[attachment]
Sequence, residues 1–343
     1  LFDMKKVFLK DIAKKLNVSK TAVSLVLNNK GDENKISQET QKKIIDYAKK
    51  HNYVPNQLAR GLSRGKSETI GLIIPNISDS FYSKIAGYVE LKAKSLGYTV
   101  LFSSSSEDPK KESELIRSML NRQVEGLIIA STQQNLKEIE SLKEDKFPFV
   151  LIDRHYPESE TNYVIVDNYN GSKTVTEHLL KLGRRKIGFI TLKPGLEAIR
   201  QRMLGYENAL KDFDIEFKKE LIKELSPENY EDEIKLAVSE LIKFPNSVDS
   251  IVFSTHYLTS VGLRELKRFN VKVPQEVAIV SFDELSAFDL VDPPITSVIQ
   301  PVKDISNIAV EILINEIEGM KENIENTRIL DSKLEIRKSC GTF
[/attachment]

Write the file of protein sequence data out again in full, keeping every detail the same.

Sequence, residues 1–343
     1  LFDMKKVFLK DIAKKLNVSK TAVSLVLNNK GDENKISQET QKKIIDYAKK
    51  HNYVPNQLAR GLSRGKSETI GLIIPNISDS FYSKIAGYVE LKAKSLGYTV
   101  LFSSSSEDPK KESELIRSML NRQVEGLIIA STQQNLKEIE SLKEDKFPFV
   151  LIDRHYPESE TNYVIVDNYN GSKTVTEHLL KLGRRKIGFI TLKPGLEAIR
   201  QRMLGYENAL KDFDIEFKKE LIKELSPENY EDEIKLAVSE LIKFPNSVDS
   251  IVFSTHYLTS VGLRELKRFN VKVPQEVAIV SFDELSAFDL VDPPITSVIQ
   301  PVKDISNIAV EILINEIEGM KENIENTRIL DSKLEIRKSC GTF